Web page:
The art style is reminiscent of something Tim Burton out. Everything in the game has a particular style of art to it. And it’s not just creepy looking enemies, but even the heroes wear at least some of the color black, if not completely garbed in it. There just seems to be a a touch of darkness to the visual styles, and I frankly found it appealing. Many times we see heroes that are brightly colored, so to see them in dark and foreboding color schemes was a nice change of pace. On the other hand, the music was fairly upbeat, and electronic. Oddly enough, it worked.
There are three save files available to the user, as well as an option in the settings to dial the frame-rate back to save battery. And speaking of battery, I noticed that when I hit home button directly from the game, that it still ran my battery down as if I were still playing it. I noticed this by mistake, ad I tend to squeeze gaming in when I can. When I have to kill off the game in hurry, but intend to resume later, I’ll hit the home button and turn off the screen. Normally the game goes into it’s save state. For whatever reason, this one didn’t. When in went back to play, more than half the battery had been used while the screen was off and it wasn’t touched. It’s the first time I’ve seen a game do that, , so it might’ve been a momentary glitch, might not. Either way, fair warning.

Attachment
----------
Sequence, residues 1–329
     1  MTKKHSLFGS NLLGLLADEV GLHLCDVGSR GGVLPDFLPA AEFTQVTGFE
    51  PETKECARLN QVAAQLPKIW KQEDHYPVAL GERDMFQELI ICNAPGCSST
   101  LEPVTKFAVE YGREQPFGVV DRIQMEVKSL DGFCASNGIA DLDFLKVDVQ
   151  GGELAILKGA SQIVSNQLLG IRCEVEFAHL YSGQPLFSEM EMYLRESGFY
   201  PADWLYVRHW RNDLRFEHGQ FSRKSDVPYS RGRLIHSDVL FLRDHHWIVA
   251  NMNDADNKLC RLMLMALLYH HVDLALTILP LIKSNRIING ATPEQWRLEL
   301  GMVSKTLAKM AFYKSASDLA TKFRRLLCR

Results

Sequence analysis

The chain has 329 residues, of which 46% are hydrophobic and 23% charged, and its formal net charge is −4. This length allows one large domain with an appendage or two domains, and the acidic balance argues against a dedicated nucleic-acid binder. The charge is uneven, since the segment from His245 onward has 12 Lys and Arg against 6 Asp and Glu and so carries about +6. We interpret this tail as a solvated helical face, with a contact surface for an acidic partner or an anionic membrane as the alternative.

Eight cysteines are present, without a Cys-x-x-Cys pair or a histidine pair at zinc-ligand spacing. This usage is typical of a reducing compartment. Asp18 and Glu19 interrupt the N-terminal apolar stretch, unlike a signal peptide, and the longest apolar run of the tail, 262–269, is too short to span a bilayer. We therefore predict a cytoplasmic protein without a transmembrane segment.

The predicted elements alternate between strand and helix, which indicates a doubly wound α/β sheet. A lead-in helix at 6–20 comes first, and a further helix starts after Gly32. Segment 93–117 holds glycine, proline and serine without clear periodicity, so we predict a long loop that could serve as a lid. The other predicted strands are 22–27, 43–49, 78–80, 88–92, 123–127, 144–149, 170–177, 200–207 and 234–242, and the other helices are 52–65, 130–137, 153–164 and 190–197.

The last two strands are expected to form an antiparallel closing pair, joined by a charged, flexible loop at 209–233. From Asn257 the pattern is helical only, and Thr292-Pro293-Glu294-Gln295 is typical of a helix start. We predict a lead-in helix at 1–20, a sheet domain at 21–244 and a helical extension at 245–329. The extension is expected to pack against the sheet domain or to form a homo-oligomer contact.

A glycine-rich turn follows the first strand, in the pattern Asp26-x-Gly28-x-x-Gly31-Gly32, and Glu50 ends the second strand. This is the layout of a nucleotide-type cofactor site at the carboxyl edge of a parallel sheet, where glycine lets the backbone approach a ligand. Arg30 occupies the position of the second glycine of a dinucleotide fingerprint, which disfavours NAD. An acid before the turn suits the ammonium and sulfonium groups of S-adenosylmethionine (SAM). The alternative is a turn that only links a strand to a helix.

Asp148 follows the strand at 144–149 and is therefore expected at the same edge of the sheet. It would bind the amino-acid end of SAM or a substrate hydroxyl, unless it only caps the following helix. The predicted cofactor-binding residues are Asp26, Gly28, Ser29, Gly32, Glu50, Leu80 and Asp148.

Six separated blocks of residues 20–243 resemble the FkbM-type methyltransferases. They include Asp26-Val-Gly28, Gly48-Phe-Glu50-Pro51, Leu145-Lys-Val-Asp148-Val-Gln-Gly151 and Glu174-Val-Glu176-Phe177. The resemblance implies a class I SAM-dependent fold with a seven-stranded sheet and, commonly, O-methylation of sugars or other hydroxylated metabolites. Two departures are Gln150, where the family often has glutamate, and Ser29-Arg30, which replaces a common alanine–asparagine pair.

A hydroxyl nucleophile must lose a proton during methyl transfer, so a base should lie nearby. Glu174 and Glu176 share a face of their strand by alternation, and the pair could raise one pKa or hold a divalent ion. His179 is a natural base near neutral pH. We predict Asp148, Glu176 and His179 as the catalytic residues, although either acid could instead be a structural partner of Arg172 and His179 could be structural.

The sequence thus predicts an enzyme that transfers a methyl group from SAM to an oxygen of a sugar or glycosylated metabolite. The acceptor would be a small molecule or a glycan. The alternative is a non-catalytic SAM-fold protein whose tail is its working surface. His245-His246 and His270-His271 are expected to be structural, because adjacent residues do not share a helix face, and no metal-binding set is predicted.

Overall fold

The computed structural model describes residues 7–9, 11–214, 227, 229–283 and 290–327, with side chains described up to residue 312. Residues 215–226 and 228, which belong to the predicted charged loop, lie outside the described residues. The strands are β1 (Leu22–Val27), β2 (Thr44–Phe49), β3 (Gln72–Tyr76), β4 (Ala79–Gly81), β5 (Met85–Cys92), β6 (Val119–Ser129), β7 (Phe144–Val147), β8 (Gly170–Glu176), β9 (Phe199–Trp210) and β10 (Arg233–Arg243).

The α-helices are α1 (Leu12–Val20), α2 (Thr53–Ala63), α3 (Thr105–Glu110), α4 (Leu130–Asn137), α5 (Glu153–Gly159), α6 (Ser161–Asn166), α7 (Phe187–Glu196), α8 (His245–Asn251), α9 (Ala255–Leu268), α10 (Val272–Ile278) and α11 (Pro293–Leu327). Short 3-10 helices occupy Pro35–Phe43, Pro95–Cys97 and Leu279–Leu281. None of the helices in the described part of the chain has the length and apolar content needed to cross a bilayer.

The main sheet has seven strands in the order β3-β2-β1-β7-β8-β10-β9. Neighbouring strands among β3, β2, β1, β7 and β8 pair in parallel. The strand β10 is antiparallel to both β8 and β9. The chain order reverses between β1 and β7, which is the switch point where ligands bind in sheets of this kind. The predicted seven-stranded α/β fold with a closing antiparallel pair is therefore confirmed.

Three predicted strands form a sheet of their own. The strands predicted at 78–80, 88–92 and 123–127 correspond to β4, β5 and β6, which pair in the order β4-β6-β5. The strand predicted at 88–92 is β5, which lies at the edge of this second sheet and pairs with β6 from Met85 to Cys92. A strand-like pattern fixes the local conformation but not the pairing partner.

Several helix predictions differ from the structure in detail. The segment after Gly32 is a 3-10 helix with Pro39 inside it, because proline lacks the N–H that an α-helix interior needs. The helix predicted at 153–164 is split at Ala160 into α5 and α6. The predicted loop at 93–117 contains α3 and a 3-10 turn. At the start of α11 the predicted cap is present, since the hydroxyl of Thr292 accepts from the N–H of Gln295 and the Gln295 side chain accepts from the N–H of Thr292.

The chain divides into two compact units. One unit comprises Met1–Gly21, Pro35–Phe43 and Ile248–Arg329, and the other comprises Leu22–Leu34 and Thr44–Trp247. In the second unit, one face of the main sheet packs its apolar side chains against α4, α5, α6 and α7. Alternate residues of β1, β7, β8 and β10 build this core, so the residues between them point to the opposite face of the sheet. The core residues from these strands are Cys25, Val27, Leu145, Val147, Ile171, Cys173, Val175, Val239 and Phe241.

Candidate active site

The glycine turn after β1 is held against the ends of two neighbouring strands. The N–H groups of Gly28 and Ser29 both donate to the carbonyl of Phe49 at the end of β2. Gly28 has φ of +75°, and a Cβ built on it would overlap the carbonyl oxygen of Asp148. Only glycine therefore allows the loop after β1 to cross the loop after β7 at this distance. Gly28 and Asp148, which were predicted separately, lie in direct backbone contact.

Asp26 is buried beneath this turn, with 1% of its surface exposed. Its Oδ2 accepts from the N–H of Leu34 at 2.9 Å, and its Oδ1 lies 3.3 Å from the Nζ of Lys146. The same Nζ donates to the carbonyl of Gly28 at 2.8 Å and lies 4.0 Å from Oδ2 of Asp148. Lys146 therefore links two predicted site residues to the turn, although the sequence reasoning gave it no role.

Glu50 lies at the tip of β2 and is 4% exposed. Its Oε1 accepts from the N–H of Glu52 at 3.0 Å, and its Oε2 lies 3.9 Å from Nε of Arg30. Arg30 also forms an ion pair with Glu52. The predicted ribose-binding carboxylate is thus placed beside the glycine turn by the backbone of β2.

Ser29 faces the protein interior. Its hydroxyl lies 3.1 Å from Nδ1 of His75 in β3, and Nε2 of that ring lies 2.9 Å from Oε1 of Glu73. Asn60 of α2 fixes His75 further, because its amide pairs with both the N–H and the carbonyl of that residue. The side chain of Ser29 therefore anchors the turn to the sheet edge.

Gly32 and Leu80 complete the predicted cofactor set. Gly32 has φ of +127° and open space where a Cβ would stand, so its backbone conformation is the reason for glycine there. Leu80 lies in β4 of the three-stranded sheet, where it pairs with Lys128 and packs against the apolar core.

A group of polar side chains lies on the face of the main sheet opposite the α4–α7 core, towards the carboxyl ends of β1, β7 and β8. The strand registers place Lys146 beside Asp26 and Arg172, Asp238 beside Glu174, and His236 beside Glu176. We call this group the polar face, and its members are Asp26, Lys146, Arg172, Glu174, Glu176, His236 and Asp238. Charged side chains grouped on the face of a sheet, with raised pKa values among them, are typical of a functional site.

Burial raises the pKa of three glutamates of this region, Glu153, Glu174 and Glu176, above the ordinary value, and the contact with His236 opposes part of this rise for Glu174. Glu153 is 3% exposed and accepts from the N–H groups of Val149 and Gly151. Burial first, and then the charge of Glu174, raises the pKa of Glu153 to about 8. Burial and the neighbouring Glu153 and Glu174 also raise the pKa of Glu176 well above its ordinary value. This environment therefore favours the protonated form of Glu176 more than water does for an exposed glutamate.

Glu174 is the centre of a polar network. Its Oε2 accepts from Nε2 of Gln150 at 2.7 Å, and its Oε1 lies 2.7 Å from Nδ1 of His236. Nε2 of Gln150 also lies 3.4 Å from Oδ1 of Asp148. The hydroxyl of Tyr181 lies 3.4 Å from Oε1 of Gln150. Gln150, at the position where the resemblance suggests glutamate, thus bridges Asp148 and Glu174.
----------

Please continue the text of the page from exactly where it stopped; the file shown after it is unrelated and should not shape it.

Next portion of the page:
On the whole, this game was a lot of fun. It’s not what I was expecting out if it, to be sure. That being said, once I took it for what it was, I really began to enjoy it. I think any RPG fan would appreciate it, despite it being trimmed down.